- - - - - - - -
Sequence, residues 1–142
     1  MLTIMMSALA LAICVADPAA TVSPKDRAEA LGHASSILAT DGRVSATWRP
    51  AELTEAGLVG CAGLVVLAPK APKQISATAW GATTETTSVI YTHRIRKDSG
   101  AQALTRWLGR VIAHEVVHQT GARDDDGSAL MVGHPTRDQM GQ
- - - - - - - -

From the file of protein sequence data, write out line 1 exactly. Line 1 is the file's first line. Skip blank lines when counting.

Sequence, residues 1–142